Talk:Hollerith constant

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Am I the only one bothered by the lack of carriage control in the FORMAT examples? Maybe the spec says that 1HH becomes 2H H (I have no idea, we always just Did It Right) but it seems like an example ought to be 100% correct. My FORTRAN is too rusty for me to sail in and hack up the page w/o asking for input though. Also the examples all assume that unit 6 is assigned to something useful, which isn't always true (it's probably the most popular default printer device but again I'm not so sure that's in the spec). (talk) 03:57, 5 October 2008 (UTC)

You bring up a good point. But I think it is secondary to what Hollerith constants were. When I wrote the original article, I was thinking of them more in terms of their role as the predecessor to CHARACTER data type. Perhaps an additional article on carriage control should be written?

As far as standards go, prior to Fortran 2003, the various Fortran Standard documents did contain some reference to carraige control characters in col 1 of formatted outputs. It made no sense for interactive I/O. And few printers made since the early 1980s honor carraige control characters anyway. So the text was removed from Fortran 2003.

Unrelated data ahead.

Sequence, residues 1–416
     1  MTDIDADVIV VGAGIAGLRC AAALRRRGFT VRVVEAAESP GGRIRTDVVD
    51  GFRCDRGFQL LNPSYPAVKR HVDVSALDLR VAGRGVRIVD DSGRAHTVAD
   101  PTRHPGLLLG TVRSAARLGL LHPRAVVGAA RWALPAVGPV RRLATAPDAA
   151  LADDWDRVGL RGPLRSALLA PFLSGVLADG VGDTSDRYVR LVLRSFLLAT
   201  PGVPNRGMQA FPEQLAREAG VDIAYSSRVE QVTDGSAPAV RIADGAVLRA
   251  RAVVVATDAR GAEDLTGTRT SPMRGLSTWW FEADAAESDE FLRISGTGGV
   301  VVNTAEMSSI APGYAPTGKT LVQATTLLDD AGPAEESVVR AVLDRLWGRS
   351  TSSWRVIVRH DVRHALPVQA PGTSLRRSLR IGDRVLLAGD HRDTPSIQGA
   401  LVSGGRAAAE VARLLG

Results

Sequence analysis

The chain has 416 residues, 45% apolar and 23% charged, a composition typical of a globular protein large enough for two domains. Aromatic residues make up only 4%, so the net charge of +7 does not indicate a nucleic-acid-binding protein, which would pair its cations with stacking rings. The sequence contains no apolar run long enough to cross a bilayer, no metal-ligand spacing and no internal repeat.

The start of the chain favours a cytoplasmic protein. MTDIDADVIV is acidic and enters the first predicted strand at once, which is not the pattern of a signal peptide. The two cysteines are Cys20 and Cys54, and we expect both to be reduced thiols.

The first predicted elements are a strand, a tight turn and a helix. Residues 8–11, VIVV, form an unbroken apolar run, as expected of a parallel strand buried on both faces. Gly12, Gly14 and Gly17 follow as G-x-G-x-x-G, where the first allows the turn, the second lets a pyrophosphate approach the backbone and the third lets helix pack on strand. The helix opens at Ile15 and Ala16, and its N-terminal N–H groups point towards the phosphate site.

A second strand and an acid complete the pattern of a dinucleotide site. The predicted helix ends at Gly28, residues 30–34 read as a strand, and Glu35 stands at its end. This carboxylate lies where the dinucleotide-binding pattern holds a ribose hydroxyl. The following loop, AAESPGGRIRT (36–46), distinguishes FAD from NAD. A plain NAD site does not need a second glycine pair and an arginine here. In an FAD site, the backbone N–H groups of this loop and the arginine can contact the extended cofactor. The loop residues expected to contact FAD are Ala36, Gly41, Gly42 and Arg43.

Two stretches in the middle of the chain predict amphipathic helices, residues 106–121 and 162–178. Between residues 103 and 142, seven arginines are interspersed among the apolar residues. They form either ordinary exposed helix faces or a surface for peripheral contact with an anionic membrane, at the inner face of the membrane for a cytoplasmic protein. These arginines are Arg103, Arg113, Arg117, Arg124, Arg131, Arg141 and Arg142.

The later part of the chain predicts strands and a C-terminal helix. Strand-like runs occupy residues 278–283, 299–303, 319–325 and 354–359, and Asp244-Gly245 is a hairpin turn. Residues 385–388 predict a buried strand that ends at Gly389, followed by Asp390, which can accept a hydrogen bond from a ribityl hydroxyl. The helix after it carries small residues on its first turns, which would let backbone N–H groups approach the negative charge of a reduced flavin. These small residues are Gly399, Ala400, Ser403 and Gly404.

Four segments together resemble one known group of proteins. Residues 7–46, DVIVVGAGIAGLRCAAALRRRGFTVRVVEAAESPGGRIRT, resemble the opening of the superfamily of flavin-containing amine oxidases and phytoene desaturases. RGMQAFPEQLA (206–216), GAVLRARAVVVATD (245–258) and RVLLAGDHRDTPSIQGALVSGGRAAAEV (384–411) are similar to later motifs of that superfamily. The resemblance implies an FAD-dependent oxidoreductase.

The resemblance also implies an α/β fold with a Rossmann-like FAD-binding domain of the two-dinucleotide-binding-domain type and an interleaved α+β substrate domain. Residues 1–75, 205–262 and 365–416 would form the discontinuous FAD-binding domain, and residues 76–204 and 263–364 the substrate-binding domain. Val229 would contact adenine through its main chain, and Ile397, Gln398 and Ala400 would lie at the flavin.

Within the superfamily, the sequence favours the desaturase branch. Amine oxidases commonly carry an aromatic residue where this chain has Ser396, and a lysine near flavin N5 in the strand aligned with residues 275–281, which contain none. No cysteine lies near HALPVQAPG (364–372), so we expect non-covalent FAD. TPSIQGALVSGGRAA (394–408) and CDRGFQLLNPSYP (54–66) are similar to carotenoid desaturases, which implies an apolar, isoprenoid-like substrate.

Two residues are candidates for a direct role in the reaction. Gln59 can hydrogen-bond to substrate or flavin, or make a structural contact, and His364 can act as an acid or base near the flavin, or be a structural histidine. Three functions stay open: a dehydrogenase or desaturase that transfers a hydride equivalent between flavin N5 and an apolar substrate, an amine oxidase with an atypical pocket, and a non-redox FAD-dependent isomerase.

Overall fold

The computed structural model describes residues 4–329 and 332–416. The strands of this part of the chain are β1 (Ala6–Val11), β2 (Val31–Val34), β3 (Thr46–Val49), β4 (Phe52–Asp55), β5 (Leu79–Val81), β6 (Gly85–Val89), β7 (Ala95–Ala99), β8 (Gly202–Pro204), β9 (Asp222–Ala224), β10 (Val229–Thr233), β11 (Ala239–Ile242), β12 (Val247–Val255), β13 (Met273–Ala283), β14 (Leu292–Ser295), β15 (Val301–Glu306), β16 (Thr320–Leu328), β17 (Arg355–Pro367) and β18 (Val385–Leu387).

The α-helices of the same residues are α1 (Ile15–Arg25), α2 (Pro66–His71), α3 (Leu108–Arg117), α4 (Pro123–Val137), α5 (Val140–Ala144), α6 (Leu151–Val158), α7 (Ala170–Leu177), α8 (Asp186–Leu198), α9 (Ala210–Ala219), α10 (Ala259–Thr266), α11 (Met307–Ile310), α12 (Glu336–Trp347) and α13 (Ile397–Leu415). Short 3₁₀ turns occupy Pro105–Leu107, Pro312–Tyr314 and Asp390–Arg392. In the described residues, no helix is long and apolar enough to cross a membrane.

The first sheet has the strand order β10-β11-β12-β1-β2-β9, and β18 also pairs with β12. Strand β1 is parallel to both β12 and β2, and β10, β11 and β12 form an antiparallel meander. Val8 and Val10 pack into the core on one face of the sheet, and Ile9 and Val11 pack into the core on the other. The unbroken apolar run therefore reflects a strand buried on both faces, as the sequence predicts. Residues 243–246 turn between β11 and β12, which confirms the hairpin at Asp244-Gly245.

As for unit 6, even though unit numbers are implementation-defined by the Standards (all of them), it is the defacto standard output unit number used by the Fortran community. F2003 parameterizes this, by including the parameter OUTPUT_UNIT in the ISO_FORTRAN_ENV intrinsic module. Wws (talk) 05:10, 9 October 2008 (UTC)

Hollerith symbol - single quote[edit]

With the change from the hollerith constant to a string, the single quote character that delimited strings was referred to by some IBMers (and others) as a hollerith - specifically the vertical single quote (') and not the "curly" single quote (′). I wonder if this should be mentioned in this article or elsewhere?

Do others recognize this use of the term "hollerith"? - a Google search suggests not. I learned it at McGill U. in the early '70s. --Michael Daly (talk) 23:30, 5 March 2009 (UTC)